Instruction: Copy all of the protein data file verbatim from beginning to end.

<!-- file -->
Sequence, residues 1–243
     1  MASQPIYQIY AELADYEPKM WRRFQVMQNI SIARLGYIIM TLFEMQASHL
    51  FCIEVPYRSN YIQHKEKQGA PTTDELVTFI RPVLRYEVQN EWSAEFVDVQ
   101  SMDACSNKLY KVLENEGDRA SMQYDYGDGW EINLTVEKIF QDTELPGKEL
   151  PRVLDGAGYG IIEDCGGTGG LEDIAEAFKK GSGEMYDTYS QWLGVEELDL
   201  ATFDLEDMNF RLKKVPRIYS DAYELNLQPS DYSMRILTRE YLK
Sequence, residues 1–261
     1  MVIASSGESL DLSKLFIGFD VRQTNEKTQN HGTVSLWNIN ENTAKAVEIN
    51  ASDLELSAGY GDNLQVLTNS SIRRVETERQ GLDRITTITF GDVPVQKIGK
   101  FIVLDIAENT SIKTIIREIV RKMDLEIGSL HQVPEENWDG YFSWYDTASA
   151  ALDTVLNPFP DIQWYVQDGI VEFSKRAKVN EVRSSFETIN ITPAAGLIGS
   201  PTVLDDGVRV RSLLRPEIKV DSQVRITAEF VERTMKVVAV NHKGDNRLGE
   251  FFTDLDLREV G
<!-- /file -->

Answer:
Sequence, residues 1–243
     1  MASQPIYQIY AELADYEPKM WRRFQVMQNI SIARLGYIIM TLFEMQASHL
    51  FCIEVPYRSN YIQHKEKQGA PTTDELVTFI RPVLRYEVQN EWSAEFVDVQ
   101  SMDACSNKLY KVLENEGDRA SMQYDYGDGW EINLTVEKIF QDTELPGKEL
   151  PRVLDGAGYG IIEDCGGTGG LEDIAEAFKK GSGEMYDTYS QWLGVEELDL
   201  ATFDLEDMNF RLKKVPRIYS DAYELNLQPS DYSMRILTRE YLK
Sequence, residues 1–261
     1  MVIASSGESL DLSKLFIGFD VRQTNEKTQN HGTVSLWNIN ENTAKAVEIN
    51  ASDLELSAGY GDNLQVLTNS SIRRVETERQ GLDRITTITF GDVPVQKIGK
   101  FIVLDIAENT SIKTIIREIV RKMDLEIGSL HQVPEENWDG YFSWYDTASA
   151  ALDTVLNPFP DIQWYVQDGI VEFSKRAKVN EVRSSFETIN ITPAAGLIGS
   201  PTVLDDGVRV RSLLRPEIKV DSQVRITAEF VERTMKVVAV NHKGDNRLGE
   251  FFTDLDLREV G